second third round match-up with Duke. We all know what happened the last time these two teams squared off but this year’s Duke team is better than that one across the board. Oh, and they are the defending champions.
- Darius Morris: Morris settled for his jump shot early on but figured out his role as a distributor as the game progressed. Darius finished with eight points, nine assists, six rebounds, and three turnovers. He was only 4 of 12 from the field but when Morris is running the break with confidence (i.e. a behind the back pass to Stu Douglass) and things are going his way he can be dominant.
- Matt Vogrich: My memory isn’t perfect but this sure felt like Vogrich’s best game in a Michigan uniform. With Hardaway relegated to the bench with first half foul trouble, Vogrich stepped up and played with great energy and poise and changed the game with his backdoor cuts. The result was 11 points on 5 of 5 (1-1 3pt) shooting, three rebounds and a steal in just 16 minutes.
- Tim Hardaway Jr.: Watching the game, it felt like Hardaway had a quiet game. He was sidelined for much of the first half and never really seemed to take control of the game. Well he quietly had a very good game, scoring 11 points on 5 of 9 (1-3 3pt) shooting with five rebounds and three assists. It was a balanced and relatively efficient performance that was highlighted by a big dunk in transition.
- Jordan Morgan: Morgan picked up two quick fouls in the first half, playing just 6 minutes, but he was great in the second. Morgan had 10 points on 5 of 6 shooting with three rebounds, a steal and a block. Morgan did a great job of cutting through the lane with a purpose, trusting the ball would be there, and finishing. Morgan missed a big dunk early but really rebounded to play a strong offensive game. Jordan was strong defensively as well as none of Tennessee’s big men beyond Tobias Harris had big days offensively.
- Zack Novak: Novak had his three point stroke going and earned himself a double double: 14 points on 5 of 10 (4-6 3pt) shooting with 10 rebounds, two assists and two turnovers. Novak hit shots early when Michigan looked rattled but also joined in on the fun in the second half. He struggled guarding Harris in the first half but Michigan was able to shield him on defense by playing lots of zone in the second.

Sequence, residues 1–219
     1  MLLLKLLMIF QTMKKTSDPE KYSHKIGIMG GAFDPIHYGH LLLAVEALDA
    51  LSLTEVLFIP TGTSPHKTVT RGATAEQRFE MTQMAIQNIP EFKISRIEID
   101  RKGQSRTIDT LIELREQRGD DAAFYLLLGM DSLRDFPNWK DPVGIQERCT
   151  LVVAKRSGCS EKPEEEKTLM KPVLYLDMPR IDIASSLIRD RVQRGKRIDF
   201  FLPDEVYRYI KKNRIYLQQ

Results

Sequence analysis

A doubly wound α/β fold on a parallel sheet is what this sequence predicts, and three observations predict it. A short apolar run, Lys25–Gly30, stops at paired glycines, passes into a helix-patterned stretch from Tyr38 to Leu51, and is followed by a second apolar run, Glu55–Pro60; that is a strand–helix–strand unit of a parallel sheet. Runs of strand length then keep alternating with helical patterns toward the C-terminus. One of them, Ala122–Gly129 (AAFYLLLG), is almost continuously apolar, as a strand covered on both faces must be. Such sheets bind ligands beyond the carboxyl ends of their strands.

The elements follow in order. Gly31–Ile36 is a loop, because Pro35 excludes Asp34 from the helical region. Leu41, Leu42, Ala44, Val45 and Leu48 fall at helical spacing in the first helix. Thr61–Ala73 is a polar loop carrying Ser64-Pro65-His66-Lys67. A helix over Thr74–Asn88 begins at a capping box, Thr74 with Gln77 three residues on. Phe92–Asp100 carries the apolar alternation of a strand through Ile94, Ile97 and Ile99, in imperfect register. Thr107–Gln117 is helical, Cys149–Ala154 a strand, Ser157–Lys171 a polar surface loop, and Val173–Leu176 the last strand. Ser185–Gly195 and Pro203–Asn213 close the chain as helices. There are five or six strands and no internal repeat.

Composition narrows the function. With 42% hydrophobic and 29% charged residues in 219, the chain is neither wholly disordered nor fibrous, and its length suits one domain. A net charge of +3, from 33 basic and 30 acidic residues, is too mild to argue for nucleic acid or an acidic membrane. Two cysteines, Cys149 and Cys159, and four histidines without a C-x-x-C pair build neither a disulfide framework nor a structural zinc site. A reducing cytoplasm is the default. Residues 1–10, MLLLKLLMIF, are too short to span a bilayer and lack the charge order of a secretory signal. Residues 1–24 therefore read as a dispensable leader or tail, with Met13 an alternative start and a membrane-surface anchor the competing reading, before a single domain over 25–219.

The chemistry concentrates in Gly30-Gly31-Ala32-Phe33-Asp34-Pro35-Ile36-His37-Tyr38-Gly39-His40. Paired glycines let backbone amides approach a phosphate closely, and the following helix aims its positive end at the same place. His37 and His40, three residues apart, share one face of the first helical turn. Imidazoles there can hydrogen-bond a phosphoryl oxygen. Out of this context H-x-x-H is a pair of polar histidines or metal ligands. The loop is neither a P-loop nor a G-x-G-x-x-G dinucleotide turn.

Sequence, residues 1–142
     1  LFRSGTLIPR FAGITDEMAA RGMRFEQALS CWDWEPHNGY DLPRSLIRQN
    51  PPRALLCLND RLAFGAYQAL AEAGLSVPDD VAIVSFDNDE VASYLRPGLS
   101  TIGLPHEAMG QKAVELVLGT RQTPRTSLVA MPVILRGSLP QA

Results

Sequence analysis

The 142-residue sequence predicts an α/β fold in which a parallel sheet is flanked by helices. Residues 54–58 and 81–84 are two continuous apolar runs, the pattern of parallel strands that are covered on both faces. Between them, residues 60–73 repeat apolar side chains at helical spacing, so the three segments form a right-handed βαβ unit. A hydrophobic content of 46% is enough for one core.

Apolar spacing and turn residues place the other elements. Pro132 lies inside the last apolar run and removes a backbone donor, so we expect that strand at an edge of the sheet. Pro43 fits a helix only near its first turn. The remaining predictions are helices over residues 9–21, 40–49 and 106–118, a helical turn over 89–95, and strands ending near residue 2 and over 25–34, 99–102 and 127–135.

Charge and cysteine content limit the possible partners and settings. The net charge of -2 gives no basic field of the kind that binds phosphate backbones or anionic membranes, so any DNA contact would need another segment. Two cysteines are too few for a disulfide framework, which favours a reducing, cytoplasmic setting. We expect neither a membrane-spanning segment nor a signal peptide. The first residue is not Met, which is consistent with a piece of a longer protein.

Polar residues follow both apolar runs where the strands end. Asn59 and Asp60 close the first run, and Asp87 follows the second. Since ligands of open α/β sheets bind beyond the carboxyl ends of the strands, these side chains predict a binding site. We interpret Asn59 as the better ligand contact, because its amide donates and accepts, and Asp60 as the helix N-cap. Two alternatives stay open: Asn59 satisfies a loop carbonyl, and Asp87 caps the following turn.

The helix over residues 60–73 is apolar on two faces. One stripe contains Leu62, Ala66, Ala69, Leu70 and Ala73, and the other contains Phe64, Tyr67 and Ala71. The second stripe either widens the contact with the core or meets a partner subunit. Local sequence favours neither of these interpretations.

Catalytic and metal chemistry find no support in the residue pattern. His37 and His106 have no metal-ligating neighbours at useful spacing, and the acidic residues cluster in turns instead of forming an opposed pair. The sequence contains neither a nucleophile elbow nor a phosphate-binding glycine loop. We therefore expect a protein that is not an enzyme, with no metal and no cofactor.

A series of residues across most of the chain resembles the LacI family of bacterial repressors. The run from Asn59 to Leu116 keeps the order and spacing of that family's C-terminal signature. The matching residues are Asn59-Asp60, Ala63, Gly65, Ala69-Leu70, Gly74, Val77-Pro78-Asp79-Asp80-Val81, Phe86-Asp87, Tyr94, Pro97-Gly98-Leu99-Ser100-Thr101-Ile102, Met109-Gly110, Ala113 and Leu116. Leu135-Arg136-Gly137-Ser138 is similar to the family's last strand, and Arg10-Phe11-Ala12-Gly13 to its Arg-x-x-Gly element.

- Stu Douglass: Stu had a tremendous game while only making one of three 3-point attempts. As crazy as it sounds, Stu was 4 of 4 on twos and attacked the basket even throwing down a dunk in transition. To add to the all-around game, Stu handed out five assists to just one turnover. Tennessee left themselves exposed time and again but it was impressive that Douglass was able to finish so well inside.
- Evan Smotrycz: Really the only Michigan player that had a bad game, Smotrycz scored eight points on 3 of 11 (2-7 3pt) shooting. Evan did grab four rebounds, a steal and a block but he just couldn’t find his range. It was clear that the pick-and-pop was a huge part of Michigan’s offensive plan, but there were a couple times that Smotrycz could have made an extra pass rather than shoot.
- Colton Christian: Christian stepped in and provided some energy defensively with a poke away and also grabbed an assist in just three minutes.
- Blake McLimans: It was all hands on deck with Morgan on the bench with two fouls but McLimans managed to finish a layup around the hoop that was very impressive. It was not only a tough catch, there was also lots of traffic around the hoop.